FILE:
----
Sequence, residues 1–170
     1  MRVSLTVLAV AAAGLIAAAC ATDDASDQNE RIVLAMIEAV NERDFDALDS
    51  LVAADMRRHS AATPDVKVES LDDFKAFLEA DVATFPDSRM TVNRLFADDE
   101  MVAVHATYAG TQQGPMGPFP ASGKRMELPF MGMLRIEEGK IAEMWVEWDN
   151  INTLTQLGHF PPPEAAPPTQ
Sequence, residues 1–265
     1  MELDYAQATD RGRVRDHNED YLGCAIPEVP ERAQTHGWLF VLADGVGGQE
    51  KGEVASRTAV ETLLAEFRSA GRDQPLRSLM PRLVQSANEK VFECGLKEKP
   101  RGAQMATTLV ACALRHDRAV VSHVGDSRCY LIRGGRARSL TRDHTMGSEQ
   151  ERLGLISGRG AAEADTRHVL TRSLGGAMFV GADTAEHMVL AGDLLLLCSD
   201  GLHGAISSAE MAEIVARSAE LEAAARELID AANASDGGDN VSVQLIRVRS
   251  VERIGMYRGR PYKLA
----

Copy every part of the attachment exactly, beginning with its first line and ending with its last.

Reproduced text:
Sequence, residues 1–170
     1  MRVSLTVLAV AAAGLIAAAC ATDDASDQNE RIVLAMIEAV NERDFDALDS
    51  LVAADMRRHS AATPDVKVES LDDFKAFLEA DVATFPDSRM TVNRLFADDE
   101  MVAVHATYAG TQQGPMGPFP ASGKRMELPF MGMLRIEEGK IAEMWVEWDN
   151  INTLTQLGHF PPPEAAPPTQ
Sequence, residues 1–265
     1  MELDYAQATD RGRVRDHNED YLGCAIPEVP ERAQTHGWLF VLADGVGGQE
    51  KGEVASRTAV ETLLAEFRSA GRDQPLRSLM PRLVQSANEK VFECGLKEKP
   101  RGAQMATTLV ACALRHDRAV VSHVGDSRCY LIRGGRARSL TRDHTMGSEQ
   151  ERLGLISGRG AAEADTRHVL TRSLGGAMFV GADTAEHMVL AGDLLLLCSD
   201  GLHGAISSAE MAEIVARSAE LEAAARELID AANASDGGDN VSVQLIRVRS
   251  VERIGMYRGR PYKLA